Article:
Liked by 3 people

  5. You can still find the homes that Sears sold, I think they are listed as historic buildings. I do believe we all need to think smaller, but a tiny house is just a bit small for me. It would be harder for older people as they should be on one floor. Most Tiny houses I have seen have lofts, not doable if you need to get up in the middle of the night! I built my house with an attached apartment for my mother, my kids got a lot from living next door to her. My son and his fiance are now renting it. I will say that I would prefer a smaller home than what I have as we don’t need 4 bedrooms.
    I think Tiny house have uses but for extended times it is not feasible.

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  6. Tiny houses can take a number of different forms. I probably wouldn’t go for the very smallest. But I do think I could end up in one someday. I would have a couple other buildings on the property, though.

    What I wouldn’t do is buy one from Amazon. I am a believer in shopping local.

    Liked by 1 person

      1. Ok…I’m putting my analyst hat on here…conservatively…I think 6 out if 10 retail establishments that were in business on 1/1/20 will be permanently closed as of 1/1/21.

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  7. Some of the churches in our region have created tiny house communities (usually 8-20 houses) to provide safe housing for the homeless. Some are also affiliated with local colleges to provide housing for students who would otherwise be homeless. They have strict rules about drinking and drugs. Generally, they are intended for shorter periods of time, while people find a more permanent solution, but some stay quite a while. I’ve seen the houses up close and been in them, and was impressed by the design, use of space, insulation, and also the camaraderie of the people in the community. I think we’ll see more of them as cities look for solutions to the growing homelessness situation. I guess I shouldn’t have been surprised that one can buy a tiny home on Amazon, but I was….

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  8. Our son lived in an unofficial tiny house for a while. It was before the tiny house craze. Really, it was just a renovated shed. He kept it as neat as a pin. John’s sister and her husband live in a Sears Roebuck house on Long Island. It’s in an older section of Stony Brook.

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  9. A little bit of all your questions! I can’t believe that amazon sales this! I freaking love it. I have told my husband for years that I would love to buy land near water and enjoy life without all the extra expense. But him being the guy he is, told me that’s not safe! Water will up root us and we will die.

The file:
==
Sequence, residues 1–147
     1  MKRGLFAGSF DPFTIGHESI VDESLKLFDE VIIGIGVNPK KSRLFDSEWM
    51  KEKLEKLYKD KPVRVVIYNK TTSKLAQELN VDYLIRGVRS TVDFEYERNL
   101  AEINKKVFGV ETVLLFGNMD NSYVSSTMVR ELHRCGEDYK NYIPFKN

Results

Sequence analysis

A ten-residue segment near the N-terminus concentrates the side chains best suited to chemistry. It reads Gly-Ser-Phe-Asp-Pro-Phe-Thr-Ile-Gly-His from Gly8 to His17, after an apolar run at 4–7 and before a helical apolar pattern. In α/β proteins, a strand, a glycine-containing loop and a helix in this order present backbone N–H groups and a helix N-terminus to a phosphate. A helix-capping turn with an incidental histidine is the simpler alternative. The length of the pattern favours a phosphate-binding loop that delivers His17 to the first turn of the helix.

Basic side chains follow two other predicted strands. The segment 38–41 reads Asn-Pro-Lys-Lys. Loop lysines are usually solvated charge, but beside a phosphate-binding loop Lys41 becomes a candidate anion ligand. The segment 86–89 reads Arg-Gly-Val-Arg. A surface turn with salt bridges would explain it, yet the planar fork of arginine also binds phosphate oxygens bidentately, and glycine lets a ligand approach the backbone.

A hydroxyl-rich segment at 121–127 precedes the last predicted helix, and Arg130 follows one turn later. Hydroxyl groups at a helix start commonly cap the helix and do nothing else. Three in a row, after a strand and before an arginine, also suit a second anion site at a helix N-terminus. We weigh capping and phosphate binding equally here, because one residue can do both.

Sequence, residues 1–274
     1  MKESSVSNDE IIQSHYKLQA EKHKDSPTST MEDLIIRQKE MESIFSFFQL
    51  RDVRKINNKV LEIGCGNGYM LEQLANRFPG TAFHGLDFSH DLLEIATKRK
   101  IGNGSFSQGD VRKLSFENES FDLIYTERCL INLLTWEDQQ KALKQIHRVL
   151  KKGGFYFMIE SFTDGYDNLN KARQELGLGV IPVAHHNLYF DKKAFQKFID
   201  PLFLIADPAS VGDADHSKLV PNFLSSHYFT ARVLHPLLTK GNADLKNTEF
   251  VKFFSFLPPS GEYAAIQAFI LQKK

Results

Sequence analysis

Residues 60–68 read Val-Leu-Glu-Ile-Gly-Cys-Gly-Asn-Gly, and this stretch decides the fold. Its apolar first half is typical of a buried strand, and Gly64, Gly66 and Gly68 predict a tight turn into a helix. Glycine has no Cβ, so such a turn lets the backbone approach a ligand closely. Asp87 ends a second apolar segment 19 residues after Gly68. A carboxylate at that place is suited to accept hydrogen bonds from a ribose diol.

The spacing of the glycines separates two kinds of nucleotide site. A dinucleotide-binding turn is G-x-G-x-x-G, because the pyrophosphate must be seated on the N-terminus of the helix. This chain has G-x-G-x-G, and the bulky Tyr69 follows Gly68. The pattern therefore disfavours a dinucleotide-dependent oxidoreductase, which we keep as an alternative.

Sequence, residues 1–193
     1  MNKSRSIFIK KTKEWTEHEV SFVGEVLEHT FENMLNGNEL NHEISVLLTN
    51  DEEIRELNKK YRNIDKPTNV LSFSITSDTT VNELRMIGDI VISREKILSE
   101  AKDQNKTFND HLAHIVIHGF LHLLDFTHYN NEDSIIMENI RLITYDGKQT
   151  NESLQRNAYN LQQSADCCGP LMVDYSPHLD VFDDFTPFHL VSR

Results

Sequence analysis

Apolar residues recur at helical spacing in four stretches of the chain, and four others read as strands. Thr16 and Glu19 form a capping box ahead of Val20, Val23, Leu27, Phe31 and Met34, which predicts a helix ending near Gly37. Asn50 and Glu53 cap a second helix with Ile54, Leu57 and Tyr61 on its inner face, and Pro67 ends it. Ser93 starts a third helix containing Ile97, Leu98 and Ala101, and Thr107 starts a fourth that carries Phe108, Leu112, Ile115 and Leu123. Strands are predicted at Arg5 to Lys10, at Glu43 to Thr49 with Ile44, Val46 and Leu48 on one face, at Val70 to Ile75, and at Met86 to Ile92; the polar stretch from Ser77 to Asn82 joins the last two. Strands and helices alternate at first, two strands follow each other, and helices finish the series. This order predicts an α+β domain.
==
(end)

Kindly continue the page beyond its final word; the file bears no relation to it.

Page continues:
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  10. thank you for teaching me something today, I had no idea Amazon sold tiny homes……I would love to live in much smaller place but don’t think I could handle anything under 500 sq.ft. We know a family that purchase a bunch of land and are building tiny homes for all of their kids and close relatives……….I think this is wonderful.

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  11. I know this sounds spoiled, but I cannot imagine living in a tiny house. I have a friend who lives in an RV and I love the way she makes it work, but I couldn’t/don’t want to do it. I have moved twice this year; once in May and then again in August. Don’t ask. I love my new townhouse and can’t wanting imagine anything smaller.

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  12. I would love to build you a tiny house! and I am confident I can beat Amazon’s price. Just need to get yourself a little piece of ground and give me a little notice. 🙂 PS I edited your comment from this morning. It’s all good. Did give me a good laugh however 🙂 Take care! DM

    Liked by 1 person

  13. I know that “kits” for building houses used to be a thing, so I guess I’m not surprised that Amazon sells tiny houses. Personally, I would not want to live in anything that’s small enough some drunk can tip it over on his way home from the bar. I can see the point of downsizing, but not to that extreme. I think it would be so hard to live in one (how do you manage to store your necessities, what happens if someone comes to visit? etc.) that it wouldn’t be worth the trouble.